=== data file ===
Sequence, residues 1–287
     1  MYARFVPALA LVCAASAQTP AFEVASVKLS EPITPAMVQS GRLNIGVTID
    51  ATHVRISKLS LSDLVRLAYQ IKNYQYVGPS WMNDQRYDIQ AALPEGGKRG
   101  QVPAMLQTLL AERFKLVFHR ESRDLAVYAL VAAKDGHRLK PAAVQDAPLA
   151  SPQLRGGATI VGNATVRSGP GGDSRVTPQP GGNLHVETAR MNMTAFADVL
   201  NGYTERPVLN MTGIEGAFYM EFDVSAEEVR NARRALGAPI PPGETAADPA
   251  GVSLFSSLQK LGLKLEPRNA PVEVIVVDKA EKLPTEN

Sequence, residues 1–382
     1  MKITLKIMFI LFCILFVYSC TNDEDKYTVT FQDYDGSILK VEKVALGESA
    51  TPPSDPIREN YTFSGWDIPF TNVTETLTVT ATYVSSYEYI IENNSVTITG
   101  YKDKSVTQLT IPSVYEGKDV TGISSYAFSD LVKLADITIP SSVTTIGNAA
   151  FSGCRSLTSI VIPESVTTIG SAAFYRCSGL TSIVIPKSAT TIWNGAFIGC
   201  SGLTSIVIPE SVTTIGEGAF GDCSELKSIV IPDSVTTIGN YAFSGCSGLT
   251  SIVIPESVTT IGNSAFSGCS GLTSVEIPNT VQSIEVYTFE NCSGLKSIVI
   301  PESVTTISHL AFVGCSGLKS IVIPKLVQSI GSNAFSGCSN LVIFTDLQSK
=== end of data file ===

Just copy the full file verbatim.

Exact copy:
Sequence, residues 1–287
     1  MYARFVPALA LVCAASAQTP AFEVASVKLS EPITPAMVQS GRLNIGVTID
    51  ATHVRISKLS LSDLVRLAYQ IKNYQYVGPS WMNDQRYDIQ AALPEGGKRG
   101  QVPAMLQTLL AERFKLVFHR ESRDLAVYAL VAAKDGHRLK PAAVQDAPLA
   151  SPQLRGGATI VGNATVRSGP GGDSRVTPQP GGNLHVETAR MNMTAFADVL
   201  NGYTERPVLN MTGIEGAFYM EFDVSAEEVR NARRALGAPI PPGETAADPA
   251  GVSLFSSLQK LGLKLEPRNA PVEVIVVDKA EKLPTEN

Sequence, residues 1–382
     1  MKITLKIMFI LFCILFVYSC TNDEDKYTVT FQDYDGSILK VEKVALGESA
    51  TPPSDPIREN YTFSGWDIPF TNVTETLTVT ATYVSSYEYI IENNSVTITG
   101  YKDKSVTQLT IPSVYEGKDV TGISSYAFSD LVKLADITIP SSVTTIGNAA
   151  FSGCRSLTSI VIPESVTTIG SAAFYRCSGL TSIVIPKSAT TIWNGAFIGC
   201  SGLTSIVIPE SVTTIGEGAF GDCSELKSIV IPDSVTTIGN YAFSGCSGLT
   251  SIVIPESVTT IGNSAFSGCS GLTSVEIPNT VQSIEVYTFE NCSGLKSIVI
   301  PESVTTISHL AFVGCSGLKS IVIPKLVQSI GSNAFSGCSN LVIFTDLQSK